Among the rarest and most desirable of all ancient Greek coins, the famed decadrachms of Alexander the Great were struck at Babylon from the bullion seized after the city’s conquest from the Achaemenid Persians. The types follow the huge emissions of Alexander’s tetradrachms, sporting the head of the mighty Herakles wearing his lion’s skin on the obverse, and the father of the Olympian pantheon, Zeus, seated on the reverse. There has long been speculation that the portrait of Herakles features the likeness of Alexander himself, but there is no sure evidence that this is the case. There are only twenty or so Alexander decadrachms known to exist, and most of those were discovered in 1973 in what has become known as the ‘Babylon Hoard’. The known examples suggest there was at least three separate emissions, and the paucity of remaining pieces suggest that the denomination may have served a ceremonial purpose – perhaps given as presentation pieces to high ranking officers or possibly even to soldiers who had distinguished themselves in the conquest of Persia. Alexander was known for giving largesse, and it is tempting to think that he may have taken a personal role in their distribution. Today these surviving decadrachms are a tangible example of one of the greatest treasures in ancient numismatics.
In all of human history, there have been but very few individuals whose accomplishments are recounted again and again undimmed by time, whose legends have grown only brighter with the passing of the years, and whose names can stir fierce emotion and wonder at a distance of millennia. Alexander is perhaps the greatest of all such paragons of humanity, whose life and exploits are the near-incredible stuff of myth and fable.
Silver dekadrachms, be they of Athens, Syracuse, Akragas or Carthage, have ever been amongst the most desired and sought-after of ancient coins by virtue of their impressive size and weight, and the large canvas they presented for the showcasing of the engraver’s art. Though considered ‘rare’, the surviving dekadrachms of Syracuse number in the high hundreds or low thousands, and those of Athens in the dozens. Fewer than twenty dekadrachms of Alexander are known to exist today – figurative grains of sand on a beach amidst the hundreds of thousands of surviving tetradrachms, drachms, staters and other fractions. The extreme rarity of Alexander’s dekadrachms has therefore contributed an aura of unobtainability to the mystery of this most iconic coinage. Missing from most of the world’s major institutional collections, the majority of the examples known today originated from the 1973 ‘Babylon’ Hoard (sometimes also referred to as the Mesopotamia Hoard), and a smaller 1989 find that Martin Price believed to be a part of the original 1973 deposit. The eight coins that are known to have come from these two groups form the backbone of the Dekadrachm corpus.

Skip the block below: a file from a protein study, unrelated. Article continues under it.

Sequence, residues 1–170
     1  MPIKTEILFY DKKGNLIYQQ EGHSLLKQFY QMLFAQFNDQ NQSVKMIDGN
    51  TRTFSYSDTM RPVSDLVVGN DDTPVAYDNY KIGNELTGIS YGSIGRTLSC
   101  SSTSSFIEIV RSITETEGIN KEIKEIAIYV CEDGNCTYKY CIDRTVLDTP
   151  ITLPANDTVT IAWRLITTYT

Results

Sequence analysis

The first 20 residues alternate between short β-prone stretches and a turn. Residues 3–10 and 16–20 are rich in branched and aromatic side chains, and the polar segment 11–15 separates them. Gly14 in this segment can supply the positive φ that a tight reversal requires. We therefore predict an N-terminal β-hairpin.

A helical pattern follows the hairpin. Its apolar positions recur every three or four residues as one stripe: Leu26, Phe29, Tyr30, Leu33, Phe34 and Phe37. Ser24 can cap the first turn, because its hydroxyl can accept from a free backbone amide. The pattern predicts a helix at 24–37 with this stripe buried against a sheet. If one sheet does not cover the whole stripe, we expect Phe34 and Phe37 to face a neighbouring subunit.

Struck in three emissions from a mint generally considered to be at Babylon, but possibly Susa or Ekbatana, the dekadrachms formed part of a massive conversion of bullion seized from the Persian Royal treasuries at Susa and Persepolis – some 180,000 Attic talents (4,680 metric tons) were liberated from those vaults, converted by decree of the King into ready coinage to meet the expenses of his vast empire and to pay his beloved soldiers. That so few examples of this large denomination survive today is potentially indicative of a special significance or purpose for these coins. It is certainly tempting to think – as many often have – that they represent presentation pieces intended for certain men of rank, and that Alexander, who was well known for his love of giving gifts, may have distributed them personally. In reality though, their low survival rate is probably due to the impracticality of the denomination, since the ubiquitous tetradrachm was the more common and more convenient medium of payment.
Regardless of its intended purpose, and though it represents only a small splinter that survives of Alexander’s great vision, today his dekadrachms are one of the most tangible artefacts of his reign, and amongst the greatest prizes of ancient Greek numismatics.
Bust of Herakles right, wearing lion’s skin
Zeus Aëtophoros enthroned to left, holding eagle and scepter; amphora with high handles and M below throne
A perfect choice for Numismatists, Historians, Military Veterans, Collectors.